We’ve almost—almost—become accustomed to paying for things that used to be included in the airline ticket price: checking a bag at the airport, getting an aisle or window seat (or any seat with reasonable legroom), and even boarding early. (Here’s a great guide to airline fees, courtesy of Smarter Travel.) Then once you land, if you need to rent a car, you sigh and pay the taxes, airport surcharges, insurance, licensing fees, fees for electronic toll-collection devices and in-car GPSs, gas refill premiums, etc., etc. (and here’s a guide to avoiding some of these fees that might come in handy).
But hotels, especially our meetings' host hotels, must we really go there to ever increasing degrees? Obviously, the answer is “yes,” given that hotels are now expected to score $2.25 billion-with-a-b this year alone, according to a new trend analysis report from NYU School of Professional Studies professor Bjorn Hanson, PhD. While about half of this ancillary profit is due to the 3.5 percent rise in hotel occupancy the industry is currently enjoying, the professor at NYU’s Preston Robert Tisch Center for Hospitality, Tourism, and Sports Management says the rest comes mainly from a 6 percent leap in both the number of new fees being added, and a rise in price for those already in place. Oh goody.
Of course, fees are nothing new—they've been around since at least 1997, when some resorts glommed onto the joys of adding a resort fee on top of the room rate, but they are growing steadily year over year. (Aside: Boy have we written a lot about hotel fees! A quick search found articles from back in 2001, when $1 billion in fees seemed like a lot, to this list from four years ago of Hanson's list of most unscrupulous fees, to this Clause and Effect that suggests having "the hotel complete a 'Hotel Disclosure Checklist' at the time of contracting, requiring the hotel to disclose surcharges for local calls, long-distance calls, Internet access, newspaper delivery, and other services associated with guest rooms.")
So what fees do you have to look to exclude in your contracts? In addition to the usual in-room Internet daily fees most of the better conference hotels seem to like to charge, look for early departure, minibar restocking (or even just picking up a can of soda and putting it down again, in some cases, or a fee to stash your own can in the minibar fridge), business-center access, delivery surcharges on room service, in-room safes, checking luggage post-checkout, shipments to the hotel, printing boarding passes…and I’m sure the hotel industry can be just as inventive as the airlines in thinking up what to charge a new fee for in the future. Given the drought in California, I'm surprised there aren't already extra water fees (or maybe there are and I just haven't heard about them yet?). And our old friend the energy surcharge is always lurking, just waiting for a chance to jump back onto the master bill.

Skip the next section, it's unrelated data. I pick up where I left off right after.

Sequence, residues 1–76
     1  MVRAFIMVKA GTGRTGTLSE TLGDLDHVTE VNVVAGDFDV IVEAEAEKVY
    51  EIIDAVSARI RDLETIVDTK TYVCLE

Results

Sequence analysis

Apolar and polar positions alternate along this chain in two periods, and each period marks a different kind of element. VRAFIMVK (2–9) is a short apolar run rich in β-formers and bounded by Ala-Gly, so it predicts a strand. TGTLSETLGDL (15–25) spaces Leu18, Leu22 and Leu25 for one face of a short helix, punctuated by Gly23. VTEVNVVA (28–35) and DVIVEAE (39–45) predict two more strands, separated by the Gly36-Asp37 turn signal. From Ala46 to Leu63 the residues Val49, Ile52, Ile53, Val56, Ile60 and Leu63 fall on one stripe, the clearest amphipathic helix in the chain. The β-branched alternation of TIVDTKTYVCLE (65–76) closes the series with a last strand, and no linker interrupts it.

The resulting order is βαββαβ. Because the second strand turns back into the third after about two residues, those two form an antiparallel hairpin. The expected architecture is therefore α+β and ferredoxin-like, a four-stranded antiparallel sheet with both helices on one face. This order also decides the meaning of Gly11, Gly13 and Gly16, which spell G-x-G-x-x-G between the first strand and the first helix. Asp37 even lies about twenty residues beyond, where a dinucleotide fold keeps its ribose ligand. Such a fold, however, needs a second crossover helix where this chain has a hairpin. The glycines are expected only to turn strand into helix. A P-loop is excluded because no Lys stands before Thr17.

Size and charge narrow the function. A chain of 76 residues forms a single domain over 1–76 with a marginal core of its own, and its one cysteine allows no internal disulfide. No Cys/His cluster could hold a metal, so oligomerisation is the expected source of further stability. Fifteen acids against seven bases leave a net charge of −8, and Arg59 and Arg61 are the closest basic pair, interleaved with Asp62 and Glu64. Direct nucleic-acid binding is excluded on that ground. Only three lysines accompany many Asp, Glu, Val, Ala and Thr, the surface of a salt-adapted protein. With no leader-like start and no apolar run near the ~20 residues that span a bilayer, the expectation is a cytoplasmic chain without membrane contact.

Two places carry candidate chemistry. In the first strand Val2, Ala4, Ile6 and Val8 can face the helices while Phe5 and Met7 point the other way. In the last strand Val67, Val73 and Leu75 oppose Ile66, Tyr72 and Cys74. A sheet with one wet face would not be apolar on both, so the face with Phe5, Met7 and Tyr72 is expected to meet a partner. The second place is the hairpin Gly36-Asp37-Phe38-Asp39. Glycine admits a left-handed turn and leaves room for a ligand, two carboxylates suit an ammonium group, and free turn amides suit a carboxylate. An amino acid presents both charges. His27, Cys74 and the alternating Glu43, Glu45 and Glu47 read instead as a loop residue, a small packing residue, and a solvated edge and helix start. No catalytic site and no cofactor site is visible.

This Louis C.K. SNL skit from 2012 may be funny, but it also may be a glimpse into the future…
In the meantime, here's some timeless advice from industry attorney John Foster, Esq. Negotiate out as many add-on fees as you can think of, then further protect yourself by adding a clause that goes along the lines of:
Miscellaneous Charges/Authorized Signatures:
1. No additional charges not specified in this contract, or any addendum, will be incurred by XYZ Group for work performed or for services or items provided by HOTEL unless HOTEL has first obtained prior written permission from an authorized representative of XYZ Group to have the work completed or the service or item provided.
2. Neither XYZ Group nor attendees will be responsible for additional surcharges, gratuities, or service fees not included in this contract without XYZ Group's or an attendee's written consent, respectively.
This clause also protects planners from unexpected charges that can occur when someone without authority orders something from the hotel, such as an extra projector or plate of hors d'oeuvres. With this clause in your contract, “a hotel is obligated to take requests for items only from someone representing the meeting sponsor who has the authority to make those decisions,” Foster says. “If the hotel takes orders from a person who is not authorized by the meeting sponsor to place such orders, then the hotel does so at its own risk.” Just be sure to designate one or more persons in the contract as being authorized to provide consent so the hotel will know to whom it should listen and respond.
How do you protect your group from ancillary fees and surcharges? Please leave a comment below or e-mail me with your advice.